That stuff just doesn’t look realistic.
But today, this warning about darker-marker shading has nothing to do with realism.
This time, it’s about value.
Remember when I said that color evolves? In Copic-world, when color evolves, it almost always gets darker.
So you might start out coloring a flower petal with a G20 but by the time you’re done shading and blending, you’ve also got a G21, a G24, and a G28 on your desk.
Folks, if you’re using G28 on something, there’s no way in Saint Patrick’s blessed tweed underwear that it looks light green anymore!
This rule is simple and more than a little obvious:
If you want green to look light, don’t color it dark.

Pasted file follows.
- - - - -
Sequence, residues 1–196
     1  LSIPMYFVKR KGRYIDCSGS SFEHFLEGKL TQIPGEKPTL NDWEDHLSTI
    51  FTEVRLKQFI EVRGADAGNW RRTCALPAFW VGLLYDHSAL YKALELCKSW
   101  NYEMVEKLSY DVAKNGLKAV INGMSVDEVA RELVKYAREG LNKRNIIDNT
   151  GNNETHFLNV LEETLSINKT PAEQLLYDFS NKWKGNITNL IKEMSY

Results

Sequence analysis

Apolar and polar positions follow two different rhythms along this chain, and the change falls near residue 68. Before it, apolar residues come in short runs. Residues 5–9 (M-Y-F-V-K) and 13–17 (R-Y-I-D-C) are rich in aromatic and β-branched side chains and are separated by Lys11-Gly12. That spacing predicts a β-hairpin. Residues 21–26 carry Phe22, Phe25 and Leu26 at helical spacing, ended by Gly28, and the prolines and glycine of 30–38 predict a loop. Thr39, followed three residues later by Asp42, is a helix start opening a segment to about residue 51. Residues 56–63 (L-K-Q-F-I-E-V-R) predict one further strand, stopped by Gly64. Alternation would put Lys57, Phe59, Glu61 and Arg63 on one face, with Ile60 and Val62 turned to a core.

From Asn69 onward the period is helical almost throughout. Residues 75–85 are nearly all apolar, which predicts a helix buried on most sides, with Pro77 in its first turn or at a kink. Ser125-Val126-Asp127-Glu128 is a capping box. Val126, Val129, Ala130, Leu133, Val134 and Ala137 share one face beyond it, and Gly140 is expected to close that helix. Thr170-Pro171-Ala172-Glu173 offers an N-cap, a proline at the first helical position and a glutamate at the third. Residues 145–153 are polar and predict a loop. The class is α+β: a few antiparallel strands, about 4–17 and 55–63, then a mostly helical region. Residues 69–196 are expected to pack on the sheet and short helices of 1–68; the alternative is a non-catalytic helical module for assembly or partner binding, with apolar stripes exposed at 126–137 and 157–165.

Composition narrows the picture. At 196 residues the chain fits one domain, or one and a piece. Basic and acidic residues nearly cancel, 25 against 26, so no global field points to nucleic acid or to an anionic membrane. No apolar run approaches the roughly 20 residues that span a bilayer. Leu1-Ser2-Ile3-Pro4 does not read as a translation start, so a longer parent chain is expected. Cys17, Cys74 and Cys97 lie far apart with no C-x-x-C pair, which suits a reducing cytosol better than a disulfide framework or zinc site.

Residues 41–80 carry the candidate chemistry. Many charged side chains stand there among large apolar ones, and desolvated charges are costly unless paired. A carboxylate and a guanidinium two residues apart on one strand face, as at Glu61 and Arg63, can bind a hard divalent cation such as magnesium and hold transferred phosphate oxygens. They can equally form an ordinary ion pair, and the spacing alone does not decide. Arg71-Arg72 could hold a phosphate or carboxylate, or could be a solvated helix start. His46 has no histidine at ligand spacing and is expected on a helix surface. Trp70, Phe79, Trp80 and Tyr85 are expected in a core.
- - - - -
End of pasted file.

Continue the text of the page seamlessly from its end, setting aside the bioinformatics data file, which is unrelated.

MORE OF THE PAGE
2. Shade with blue violet Copics
This rule is an extension of rule number one.
I just told you not to shade with dark green. So what’s left?
Ahhh grasshopper, if you’ve peeked at my class selection, you’ve seen how we use some strange colors to create shade.
Then sometimes, we get all normy-normal and use a gray.
And don’t get me wrong, as a general rule, I’d tell you “when in doubt: underpaint with gray”. Hey, if it was good enough for Rembrandt and Vermeer, it ought to be good enough for us, right?
But green kinda bends that rule on it’s remaining right ear.
Gray does not work well under green.
The problem is that underpainting was developed for use with oil paints and the process is slightly different when we’re working with markers.
An oil painter can paint right over the top of an underpainting without worry. Oil underpaint stays exactly where you put it.